Come enjoy the Academy for free this Sunday, February 26.
Did you hear the one about the ancient squid that captured the 45-foot ichthyosaur during the Triassic Period?
The tentacled creature, named kraken after the mythical sea monsters, took the large marine reptiles back to their dens, called middens, and dismembered them. The intelligent kraken then arranged the vertebral discs in double line patterns, with individual pieces nesting in a fitted fashion as if they were part of a puzzle. A puzzle that resembles the pattern of sucker discs on a cephalopod tentacle, with each vertebra strongly resembling a coleoid sucker.
Good one, right? A weird, creepy tale, full of mythical monsters! Except it’s not a joke or a treatment for a B-movie: it’s part of a scientific abstract presented Monday at the annual meeting of the Geological Society of America in Minneapolis.
And then the news agencies began picking it up. So it must be true, right?
“There is no evidence that this 'kraken' existed,” is Rich Ross’s take on the story. Rich is the cephalopod guy here at the Academy and loves the things. He can talk to you for hours about these many-armed marine animals… (“Cuttlefish are like alien hummingbirds that hunt. They’re brutal predators. Their skin is amazing.” “Octopus are like super-caffeinated snails with arms and no shell. They’re vicious predators and their ability to camouflage is unbelievable!” You get the point. Check out his blog for more insights.) But about these kraken, he just shakes his head. “Squids don’t do middens, modern octopus wouldn’t do this either. There’s no evidence—it could’ve been anything.”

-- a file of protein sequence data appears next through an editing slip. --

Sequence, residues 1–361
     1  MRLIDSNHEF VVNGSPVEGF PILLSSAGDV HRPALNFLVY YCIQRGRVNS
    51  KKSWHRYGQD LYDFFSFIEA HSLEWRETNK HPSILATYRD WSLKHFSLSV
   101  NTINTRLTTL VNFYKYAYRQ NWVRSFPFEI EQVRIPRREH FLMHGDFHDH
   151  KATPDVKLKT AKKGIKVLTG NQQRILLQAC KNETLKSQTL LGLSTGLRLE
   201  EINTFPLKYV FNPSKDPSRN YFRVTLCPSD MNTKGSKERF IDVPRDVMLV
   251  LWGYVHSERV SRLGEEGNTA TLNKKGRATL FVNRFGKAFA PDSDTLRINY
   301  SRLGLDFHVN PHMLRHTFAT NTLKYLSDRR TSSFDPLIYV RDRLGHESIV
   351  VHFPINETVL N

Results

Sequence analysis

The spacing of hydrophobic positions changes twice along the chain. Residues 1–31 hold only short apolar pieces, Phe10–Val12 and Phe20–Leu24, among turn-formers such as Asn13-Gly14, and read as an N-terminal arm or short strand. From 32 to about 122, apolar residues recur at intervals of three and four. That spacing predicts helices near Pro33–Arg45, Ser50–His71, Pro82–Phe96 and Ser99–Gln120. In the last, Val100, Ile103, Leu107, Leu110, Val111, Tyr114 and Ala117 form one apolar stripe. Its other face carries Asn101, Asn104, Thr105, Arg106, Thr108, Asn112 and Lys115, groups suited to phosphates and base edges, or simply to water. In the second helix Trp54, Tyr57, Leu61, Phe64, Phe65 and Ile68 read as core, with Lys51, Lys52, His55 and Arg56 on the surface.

According to paleontologist Mark McMenamin, the researcher behind Monday’s presentation, the evidence is a bizarre fossil site at Berlin-Ichthyosaur State Park in Nevada. The site holds the remains of nine 45-foot ichthyosaurs, of the species Shonisaurus popularis.
“It was a very odd configuration of bones,” according to McMenamin. The different degrees of etching on the bones suggested that the shonisaurs were not all killed and buried at the same time. It also appeared that the bones had been purposefully rearranged. That it got him thinking about a particular modern predator known for just this sort of intelligent manipulation of bones.
“Modern octopus will do this,” McMenamin explains.
Of course, it’s the perfect Triassic crime because octopuses are mostly soft-bodied and don’t fossilize well. Only their beaks are hard and the chances of those being preserved nearby are very low. That means the evidence for the murderous kraken remains purely circumstantial.
Without hard evidence, Rich Ross is incredibly skeptical. As well as many other scientists, according to Wired and Nature News. Rich sums it up well: “You could just as well say that aliens did this.”
Image: Mark McMenamin